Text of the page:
A Tale of Two Teamsters Pension Plans – Not

According to a Bloomberg article:

Central States is among the approximately 130 plans that have projected they will run out of money in the next 20 years. That means the plan’s members could lose their pension benefits. The Western Conference, on the other hand, is close to fully funded and in a good position to pay out pension benefits.

They include a chart:

Both wrong and deceiving………

Just because they are not in the dirty-130 does not mean Western States is safe for the next 20 years. A blog we did here on these plans also had a comparison:

EIN. 36-6044243 is Central States which admits to being in risk category D (Critical and Declining) while the next three report their status as N (Not Endangered or Critical). Is that really the case or are they playing games with actuarial assumptions?

Excerpts from 91-6145047:

Plan Name: Western Conference of Teamsters Pension Plan
EIN/PN: 91-6123695/001
Total participants @ 12/31/16: 571,771 including:
Retirees: 188,571
Separated but entitled to benefits: 176,700
Still working: 206,500

Asset Value (Market) @ 1/1/16: $36,288,138,000
Value of liabilities using RPA rate (3.28%) @ 1/1/16: $67,081,610,000 including:
Retirees: $32,324,534,000
Separated but entitled to benefits: $8,915,217,000
Still working: $25,841,859,000

Funded ratio: 54.09%
Unfunded Liabilities as of 1/1/16: $30,793,472,000

5 responses to this post.

  1. Posted by Anonymous on August 6, 2018 at 12:44 pm

    One foot in the grave and the other on a banana peel.

    I don’t “follow” the financial pages, but is there another elephant in the room?
    I have a modest IRA, and in the year after D. Trump was elected, it grew by about ten percent (balanced portfolio, stocks, bond, cash… similar to CalPERS allocation.) Yay!

    In the last six months? Nada. Balance on Aug. 1 is same as balance on Jan. 1.

    What will the MEP and public pension funds look like at year end?

    Reply

  2. Posted by Stephen Douglas on August 6, 2018 at 1:57 pm

    “You give your life to a company and then in the end you get shafted.”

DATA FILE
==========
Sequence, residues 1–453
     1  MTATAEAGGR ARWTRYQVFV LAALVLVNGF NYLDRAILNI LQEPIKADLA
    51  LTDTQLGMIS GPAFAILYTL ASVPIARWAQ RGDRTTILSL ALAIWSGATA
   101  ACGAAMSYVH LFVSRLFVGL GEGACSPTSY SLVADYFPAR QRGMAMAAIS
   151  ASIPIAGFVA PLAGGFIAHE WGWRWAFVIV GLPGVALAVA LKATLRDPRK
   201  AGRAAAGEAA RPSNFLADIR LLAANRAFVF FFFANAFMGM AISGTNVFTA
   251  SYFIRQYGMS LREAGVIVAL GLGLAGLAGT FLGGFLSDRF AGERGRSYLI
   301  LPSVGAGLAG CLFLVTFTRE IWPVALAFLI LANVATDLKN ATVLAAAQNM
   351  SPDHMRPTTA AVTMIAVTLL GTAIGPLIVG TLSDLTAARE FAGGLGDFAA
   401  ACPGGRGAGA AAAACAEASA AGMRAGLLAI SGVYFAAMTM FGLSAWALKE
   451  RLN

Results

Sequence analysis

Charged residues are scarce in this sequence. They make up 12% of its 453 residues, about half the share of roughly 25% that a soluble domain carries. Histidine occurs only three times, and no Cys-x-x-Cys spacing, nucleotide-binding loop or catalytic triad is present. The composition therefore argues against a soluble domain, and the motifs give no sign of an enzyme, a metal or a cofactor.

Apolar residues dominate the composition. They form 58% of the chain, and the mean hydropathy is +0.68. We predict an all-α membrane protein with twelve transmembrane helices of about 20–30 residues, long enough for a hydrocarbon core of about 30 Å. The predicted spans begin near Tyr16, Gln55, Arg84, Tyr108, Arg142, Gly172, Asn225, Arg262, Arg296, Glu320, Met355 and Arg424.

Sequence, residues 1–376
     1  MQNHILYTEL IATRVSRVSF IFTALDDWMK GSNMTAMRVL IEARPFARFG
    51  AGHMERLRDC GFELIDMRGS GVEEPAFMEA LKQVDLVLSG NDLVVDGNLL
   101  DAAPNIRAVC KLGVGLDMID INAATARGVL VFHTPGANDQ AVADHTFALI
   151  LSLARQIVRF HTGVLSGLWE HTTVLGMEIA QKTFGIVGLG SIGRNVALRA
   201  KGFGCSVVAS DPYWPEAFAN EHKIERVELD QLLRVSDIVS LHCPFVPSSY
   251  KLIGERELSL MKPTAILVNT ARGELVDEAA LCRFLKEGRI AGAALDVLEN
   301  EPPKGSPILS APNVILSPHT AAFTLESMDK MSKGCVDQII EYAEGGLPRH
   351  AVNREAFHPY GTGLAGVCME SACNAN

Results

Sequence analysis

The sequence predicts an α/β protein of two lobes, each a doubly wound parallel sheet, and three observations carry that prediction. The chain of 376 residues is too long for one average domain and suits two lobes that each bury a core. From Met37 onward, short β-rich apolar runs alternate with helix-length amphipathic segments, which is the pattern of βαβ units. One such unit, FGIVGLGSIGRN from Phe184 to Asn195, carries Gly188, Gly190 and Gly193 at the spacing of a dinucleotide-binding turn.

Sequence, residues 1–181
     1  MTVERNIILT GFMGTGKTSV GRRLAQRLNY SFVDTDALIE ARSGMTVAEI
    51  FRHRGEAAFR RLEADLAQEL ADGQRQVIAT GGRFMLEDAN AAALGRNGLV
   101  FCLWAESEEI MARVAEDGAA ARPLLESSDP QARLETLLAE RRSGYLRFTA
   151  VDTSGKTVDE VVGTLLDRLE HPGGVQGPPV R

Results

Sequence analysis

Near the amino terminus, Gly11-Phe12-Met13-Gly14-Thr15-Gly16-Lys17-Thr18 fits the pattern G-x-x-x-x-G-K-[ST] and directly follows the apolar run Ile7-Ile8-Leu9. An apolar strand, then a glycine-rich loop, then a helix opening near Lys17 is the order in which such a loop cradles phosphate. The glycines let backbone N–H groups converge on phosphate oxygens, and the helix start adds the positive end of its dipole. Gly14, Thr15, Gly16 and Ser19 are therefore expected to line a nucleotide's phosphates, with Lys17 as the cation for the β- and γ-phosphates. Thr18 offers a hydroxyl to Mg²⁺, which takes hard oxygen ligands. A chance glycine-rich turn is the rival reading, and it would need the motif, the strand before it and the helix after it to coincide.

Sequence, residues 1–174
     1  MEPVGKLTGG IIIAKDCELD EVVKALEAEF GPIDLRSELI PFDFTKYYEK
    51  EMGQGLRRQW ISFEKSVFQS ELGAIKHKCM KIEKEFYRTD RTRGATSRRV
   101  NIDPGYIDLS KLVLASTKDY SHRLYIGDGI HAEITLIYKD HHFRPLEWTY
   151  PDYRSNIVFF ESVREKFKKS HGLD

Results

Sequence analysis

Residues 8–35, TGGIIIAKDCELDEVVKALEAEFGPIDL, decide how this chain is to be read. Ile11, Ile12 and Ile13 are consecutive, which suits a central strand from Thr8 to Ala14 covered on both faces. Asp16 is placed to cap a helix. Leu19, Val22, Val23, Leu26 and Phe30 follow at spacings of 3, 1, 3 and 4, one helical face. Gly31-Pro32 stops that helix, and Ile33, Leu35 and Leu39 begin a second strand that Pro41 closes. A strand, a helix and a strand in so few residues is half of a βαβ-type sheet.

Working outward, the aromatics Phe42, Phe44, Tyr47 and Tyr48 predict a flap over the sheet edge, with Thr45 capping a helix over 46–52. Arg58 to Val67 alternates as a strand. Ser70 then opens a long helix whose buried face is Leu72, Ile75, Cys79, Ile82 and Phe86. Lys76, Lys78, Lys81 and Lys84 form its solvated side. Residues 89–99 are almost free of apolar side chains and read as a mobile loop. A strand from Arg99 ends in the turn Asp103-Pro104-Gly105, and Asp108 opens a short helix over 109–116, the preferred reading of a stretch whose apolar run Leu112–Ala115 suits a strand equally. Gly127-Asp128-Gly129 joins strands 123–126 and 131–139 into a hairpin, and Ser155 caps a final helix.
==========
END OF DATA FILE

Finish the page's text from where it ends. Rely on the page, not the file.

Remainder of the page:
Not an MEP. Not a public plan. Not even in this country. Maybe that’s why they call it the Global Pension Crisis.

    And, to some, the government (taxpayers) is always the answer.

    “Some retirees believe the federal government should step in to help. ”

    “I don’t know what you have to do to get the government to listen,” said Gail McClelland of Calgary, who worked for Sears for 33 years. “There has to be something done to protect pensioners.”

    http://www.cbc.ca/news/business/sears-canada-pension-retirees-1.4773283

    Reply

  3. Posted by Stephen Douglas on August 6, 2018 at 2:17 pm

    It’s true that a lot of plans that are not critical today may become so tomorrow if (when) another recession hits. But funded status is not the only criteria.

    The Bloomberg article mentions 4 differences between the two plans that may save Western Conference of Teamsters…

    Trucking deregulation hit Central States harder. (Lost 90% of contributing employers.)

    Central States has higher ratio of inactive to active employees.

    “In down markets, (e.g. 2008) Western Conference generates sufficient revenue from their contribution base, but Central States has to eat into its assets in order to make all the benefit payments,” 

    “The Western Conference had an advantage in its funding policy that gave it the flexibility to adjust benefit accrual rates to adapt to changing financial conditions.”

    Reply

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